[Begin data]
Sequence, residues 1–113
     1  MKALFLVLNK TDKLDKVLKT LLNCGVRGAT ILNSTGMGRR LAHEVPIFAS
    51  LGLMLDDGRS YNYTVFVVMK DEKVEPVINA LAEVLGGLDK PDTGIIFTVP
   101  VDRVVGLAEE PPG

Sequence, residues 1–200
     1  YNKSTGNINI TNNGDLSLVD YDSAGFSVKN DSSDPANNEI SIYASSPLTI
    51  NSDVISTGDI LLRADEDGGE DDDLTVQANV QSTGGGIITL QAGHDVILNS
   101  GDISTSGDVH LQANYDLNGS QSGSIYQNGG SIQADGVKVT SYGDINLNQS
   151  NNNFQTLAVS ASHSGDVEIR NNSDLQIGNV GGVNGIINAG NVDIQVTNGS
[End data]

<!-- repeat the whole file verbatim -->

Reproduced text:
Sequence, residues 1–113
     1  MKALFLVLNK TDKLDKVLKT LLNCGVRGAT ILNSTGMGRR LAHEVPIFAS
    51  LGLMLDDGRS YNYTVFVVMK DEKVEPVINA LAEVLGGLDK PDTGIIFTVP
   101  VDRVVGLAEE PPG

Sequence, residues 1–200
     1  YNKSTGNINI TNNGDLSLVD YDSAGFSVKN DSSDPANNEI SIYASSPLTI
    51  NSDVISTGDI LLRADEDGGE DDDLTVQANV QSTGGGIITL QAGHDVILNS
   101  GDISTSGDVH LQANYDLNGS QSGSIYQNGG SIQADGVKVT SYGDINLNQS
   151  NNNFQTLAVS ASHSGDVEIR NNSDLQIGNV GGVNGIINAG NVDIQVTNGS